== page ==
I didn’t know, either.
Chyron: a text-based graphic overlay displayed at the bottom of a television screen or film frame, as closed captioning or the crawl of a newscast.
How do you know what you know … what you believe you know? If I make a statement with which you disagree, what are your grounds for thinking otherwise?
Manufacturing Consent One Chyron at a Time, by Luke Savage (Jacobin)
Matt Taibbi’s Hate Inc. is a raucous updating of Noam Chomsky and Ed Herman’s classic dissection of capitalist news. Its message is hilarious yet grim: behind the buffoonery of the 24-hour partisan news machine is a propaganda system devoted to upholding the power of entrenched elites.
Review of Hate Inc.: Why Today’s Media Makes Us Despise One Another, by Matt Taibbi (OR Books, 2019).
… Matt Taibbi’s Hate Inc. is a seething, if amusing, indictment of American political media in the Trump era. But, more importantly, it is a systemically-minded account of the actual sources of media debasement and the ways in which particular patterns of behavior are hardwired into the news.
Those unfamiliar with Taibbi’s past work in media criticism, invariably skewering, may get a misleading impression of the book’s content from both its title and cover … (but) Taibbi offers us a necessary and timely update to the theories advanced by Noam Chomsky and Edward Herman in their landmark 1988 book Manufacturing Consent and a series of illustrative case studies drawing on his own frustrations with contemporary journalism.
The basic thesis advanced by Chomsky and Herman was that management of public opinion in capitalist democracies rarely takes the form of overt propaganda or censorship, but is instead achieved through vigorous policing of what constitutes acceptable opinion such that, as Taibbi puts it, “the range of argument has been artificially narrowed long before you get to hear it.”
Taibbi argues that three significant changes since the late 1980s necessitate an update of the thesis pioneered in Manufacturing Consent. The first is the rise of conservative talk radio and Fox News, which triggered the partisanization of news so familiar to today. “Using a point of view rather than ‘objectivity’ as commercial strategies,” Taibbi writes, “these stations presaged an atomization of the news landscape under which each consumer had an outlet somewhere to match his or her political beliefs.”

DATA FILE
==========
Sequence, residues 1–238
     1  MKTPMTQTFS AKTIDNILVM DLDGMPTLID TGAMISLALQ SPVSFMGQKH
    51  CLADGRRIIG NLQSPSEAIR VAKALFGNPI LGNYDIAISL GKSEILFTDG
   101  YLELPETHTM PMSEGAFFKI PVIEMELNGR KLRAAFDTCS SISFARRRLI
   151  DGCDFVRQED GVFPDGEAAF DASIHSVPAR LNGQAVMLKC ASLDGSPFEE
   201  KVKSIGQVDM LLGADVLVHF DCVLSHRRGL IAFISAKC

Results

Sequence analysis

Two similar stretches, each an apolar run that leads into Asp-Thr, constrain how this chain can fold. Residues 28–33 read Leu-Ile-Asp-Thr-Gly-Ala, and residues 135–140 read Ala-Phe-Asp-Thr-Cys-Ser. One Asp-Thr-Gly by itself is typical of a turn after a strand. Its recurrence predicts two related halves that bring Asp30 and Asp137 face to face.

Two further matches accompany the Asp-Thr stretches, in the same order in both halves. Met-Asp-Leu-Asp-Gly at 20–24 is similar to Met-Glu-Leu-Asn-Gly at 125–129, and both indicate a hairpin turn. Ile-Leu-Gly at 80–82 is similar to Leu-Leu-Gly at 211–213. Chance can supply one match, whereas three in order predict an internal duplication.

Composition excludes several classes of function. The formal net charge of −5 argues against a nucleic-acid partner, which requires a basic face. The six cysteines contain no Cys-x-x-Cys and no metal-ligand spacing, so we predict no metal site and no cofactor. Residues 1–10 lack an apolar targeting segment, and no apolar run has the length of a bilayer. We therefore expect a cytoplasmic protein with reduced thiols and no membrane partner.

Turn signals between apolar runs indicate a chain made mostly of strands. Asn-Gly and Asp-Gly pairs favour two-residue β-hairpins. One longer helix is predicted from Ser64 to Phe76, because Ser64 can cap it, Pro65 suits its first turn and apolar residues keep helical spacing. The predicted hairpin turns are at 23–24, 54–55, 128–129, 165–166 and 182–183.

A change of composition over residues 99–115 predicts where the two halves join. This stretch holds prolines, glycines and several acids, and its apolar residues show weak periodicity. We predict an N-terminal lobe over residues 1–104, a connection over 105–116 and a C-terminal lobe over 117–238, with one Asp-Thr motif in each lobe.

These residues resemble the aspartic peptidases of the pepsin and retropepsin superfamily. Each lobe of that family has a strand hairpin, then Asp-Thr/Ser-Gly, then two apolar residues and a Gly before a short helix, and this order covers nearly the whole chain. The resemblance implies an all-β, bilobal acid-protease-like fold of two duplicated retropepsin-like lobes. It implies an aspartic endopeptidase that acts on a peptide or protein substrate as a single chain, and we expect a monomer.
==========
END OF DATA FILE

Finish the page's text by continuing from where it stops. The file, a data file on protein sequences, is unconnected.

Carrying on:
The second major change is the advent of the 24-hour news cycle, which the author says trained reporters to “value breaking news, immediacy, and visual potential over import” while creating “a new kind of anxiety and addictive dependency” among consumers.
Finally, the rise of the internet and social media contributed even further to the general atmosphere of frenzied and atomized content consumption that today structures the news business.
Again and again, Hate Inc. returns to its central insight that the media is first and foremost a business driven by the pressures and imperatives of large-scale private enterprise. Though this will probably sound like a truism to many on the Left, it is nonetheless a useful materialist explanation for why the media tends to operate within discrete partisan silos: not, as is so often suggested, because the country suffers from some vaguely defined culture of “divisiveness,” but because it’s what the current business model both necessitates and demands. With audiences cordoned off into partisan market niches, the media can more easily commodify resentment and its leading talking heads can always get a ratings boost by stoking outrage, engaging in conspiracy, or just plain making stuff up.
It’s unclear what the solution is, or to what extent Taibbi even believes there is one. The preceding era of the news business, taken on by Chomsky and Herman in Manufacturing Consent, was arguably preferable to today’s media in that its ranks were more working-class and its leading voices less shrill. But the ethos of objectivity it projected was still the function of a business model driven first and foremost by the profit imperative (albeit in a somewhat more inclusive way) and ridden through with deference to corporate and national security interests.
Hate Inc. ultimately makes a forceful case that the American media is broken by design. Though no one will find this a particularly comforting thought, it’s nonetheless a liberating insight for those of us who would sooner suffer a hundred hours of sensory deprivation than sit through three minutes of Rachel Maddow talking about Donald Trump’s tax returns — or watch Kurt Eichenwald and Tucker Carlson do performance art on national TV.